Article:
It’s also important to note that some genetic conditions affecting fertility can be passed on to children. Because of this, genetic counseling is important if you or your partner have been diagnosed with a genetic condition that affects fertility.
A genetic counselor is a healthcare professional who specializes in medical genetics. They can help you understand the results of genetic tests and can communicate the risk of a future child inheriting a specific genetic disorder.
Now let’s try to answer some of the other questions you may have about fertility challenges.
Some factors that boost infertility risk in females include:
. increasing age
. having overweight or obesity
. being underweight
. experiencing extreme changes in weight
. smoking cigarettes
. consuming alcohol excessively
. having intense physical or emotional stress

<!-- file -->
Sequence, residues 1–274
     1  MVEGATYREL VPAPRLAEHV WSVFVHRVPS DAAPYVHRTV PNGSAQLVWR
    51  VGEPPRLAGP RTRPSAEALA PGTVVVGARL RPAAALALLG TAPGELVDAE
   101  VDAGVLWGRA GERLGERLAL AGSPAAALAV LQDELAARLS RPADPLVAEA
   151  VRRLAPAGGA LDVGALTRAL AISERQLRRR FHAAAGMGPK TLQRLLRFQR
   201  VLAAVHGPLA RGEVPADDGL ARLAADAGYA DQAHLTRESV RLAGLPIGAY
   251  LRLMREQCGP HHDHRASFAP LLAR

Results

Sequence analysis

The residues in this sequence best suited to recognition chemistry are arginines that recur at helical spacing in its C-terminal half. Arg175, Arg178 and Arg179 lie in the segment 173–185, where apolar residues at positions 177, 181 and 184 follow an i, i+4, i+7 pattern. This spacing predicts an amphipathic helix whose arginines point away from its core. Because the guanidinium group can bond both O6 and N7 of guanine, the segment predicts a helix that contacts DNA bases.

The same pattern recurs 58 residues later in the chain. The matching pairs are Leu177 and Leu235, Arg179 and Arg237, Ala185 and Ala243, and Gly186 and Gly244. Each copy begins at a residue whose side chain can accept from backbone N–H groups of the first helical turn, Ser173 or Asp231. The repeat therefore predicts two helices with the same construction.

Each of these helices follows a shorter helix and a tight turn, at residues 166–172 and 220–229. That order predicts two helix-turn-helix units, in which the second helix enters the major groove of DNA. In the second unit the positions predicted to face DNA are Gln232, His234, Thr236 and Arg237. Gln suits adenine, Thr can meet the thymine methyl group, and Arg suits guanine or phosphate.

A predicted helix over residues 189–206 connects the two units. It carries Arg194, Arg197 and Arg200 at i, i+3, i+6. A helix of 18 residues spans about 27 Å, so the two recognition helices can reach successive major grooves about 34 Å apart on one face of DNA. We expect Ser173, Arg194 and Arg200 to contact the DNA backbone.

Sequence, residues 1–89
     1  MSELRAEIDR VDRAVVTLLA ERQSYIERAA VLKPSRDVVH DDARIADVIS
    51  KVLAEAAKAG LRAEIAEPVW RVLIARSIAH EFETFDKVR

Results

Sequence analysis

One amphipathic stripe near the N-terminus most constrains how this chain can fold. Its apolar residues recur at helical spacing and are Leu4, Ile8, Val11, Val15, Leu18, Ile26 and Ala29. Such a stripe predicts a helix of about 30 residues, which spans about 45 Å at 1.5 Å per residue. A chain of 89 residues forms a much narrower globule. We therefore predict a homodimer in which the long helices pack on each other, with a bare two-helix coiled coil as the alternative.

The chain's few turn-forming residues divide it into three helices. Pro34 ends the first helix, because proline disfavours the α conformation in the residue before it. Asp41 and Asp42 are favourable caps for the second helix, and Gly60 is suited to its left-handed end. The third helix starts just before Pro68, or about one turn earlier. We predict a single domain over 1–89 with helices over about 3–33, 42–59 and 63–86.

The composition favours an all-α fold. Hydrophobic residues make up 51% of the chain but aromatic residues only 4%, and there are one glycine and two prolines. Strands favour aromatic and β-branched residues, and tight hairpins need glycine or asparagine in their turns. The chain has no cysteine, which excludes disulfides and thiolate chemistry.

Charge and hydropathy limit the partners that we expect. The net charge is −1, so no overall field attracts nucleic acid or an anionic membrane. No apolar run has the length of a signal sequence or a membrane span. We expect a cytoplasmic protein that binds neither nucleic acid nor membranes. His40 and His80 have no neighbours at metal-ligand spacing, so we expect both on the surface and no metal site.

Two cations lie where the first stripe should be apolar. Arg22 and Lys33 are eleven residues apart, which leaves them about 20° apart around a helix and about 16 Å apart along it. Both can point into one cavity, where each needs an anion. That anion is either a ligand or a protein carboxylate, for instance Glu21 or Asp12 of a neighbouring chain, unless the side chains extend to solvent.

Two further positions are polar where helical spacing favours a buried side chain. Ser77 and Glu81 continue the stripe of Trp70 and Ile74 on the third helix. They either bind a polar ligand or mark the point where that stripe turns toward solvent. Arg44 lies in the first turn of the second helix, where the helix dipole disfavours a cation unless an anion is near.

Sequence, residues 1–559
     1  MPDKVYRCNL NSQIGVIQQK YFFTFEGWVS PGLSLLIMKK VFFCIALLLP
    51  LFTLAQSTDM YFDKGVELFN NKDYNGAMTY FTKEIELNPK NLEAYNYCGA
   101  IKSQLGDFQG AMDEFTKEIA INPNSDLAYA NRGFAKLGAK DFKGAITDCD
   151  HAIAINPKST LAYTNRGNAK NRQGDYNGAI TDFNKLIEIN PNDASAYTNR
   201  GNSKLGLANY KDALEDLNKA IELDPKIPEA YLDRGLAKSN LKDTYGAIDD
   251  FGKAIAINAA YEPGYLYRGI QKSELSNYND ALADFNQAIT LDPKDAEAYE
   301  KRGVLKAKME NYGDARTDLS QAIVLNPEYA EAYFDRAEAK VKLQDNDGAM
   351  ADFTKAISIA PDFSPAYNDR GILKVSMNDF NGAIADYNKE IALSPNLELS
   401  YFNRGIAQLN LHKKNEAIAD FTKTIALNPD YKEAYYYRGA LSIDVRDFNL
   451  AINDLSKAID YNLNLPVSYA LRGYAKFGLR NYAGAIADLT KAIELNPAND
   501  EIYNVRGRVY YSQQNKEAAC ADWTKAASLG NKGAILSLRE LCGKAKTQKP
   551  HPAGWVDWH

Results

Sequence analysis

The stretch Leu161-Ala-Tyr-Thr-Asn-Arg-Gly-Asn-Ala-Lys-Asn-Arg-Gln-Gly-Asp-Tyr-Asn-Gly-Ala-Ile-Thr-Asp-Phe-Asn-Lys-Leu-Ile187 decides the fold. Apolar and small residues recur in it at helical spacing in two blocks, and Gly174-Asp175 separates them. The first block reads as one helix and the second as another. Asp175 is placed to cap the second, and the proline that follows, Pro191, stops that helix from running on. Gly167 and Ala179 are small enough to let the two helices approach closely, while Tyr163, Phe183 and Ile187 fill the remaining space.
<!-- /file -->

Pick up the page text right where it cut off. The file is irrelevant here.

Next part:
. contracting sexually transmitted infections like gonorrhea or chlamydia that can damage the female reproductive system
. having chemotherapy or radiation therapy
In males, things that can raise the risk of infertility include:
. increasing age
. having overweight or obesity
. smoking cigarettes
. consuming alcohol excessively
. misusing drugs like marijuana, opioids, and cocaine
. taking anabolic steroids
. having chemotherapy or radiation therapy
. being exposed to things like heavy metals, pesticides, and fungicides
The answer to this question depends on what’s causing a person’s fertility concerns. In many situations, fertility challenges can be addressed by using a variety of different methods, which can involve:
. assisted reproductive technology like IVF and ICSI
If you’re experiencing fertility concerns, your doctor can give you a better idea of your outlook for becoming pregnant.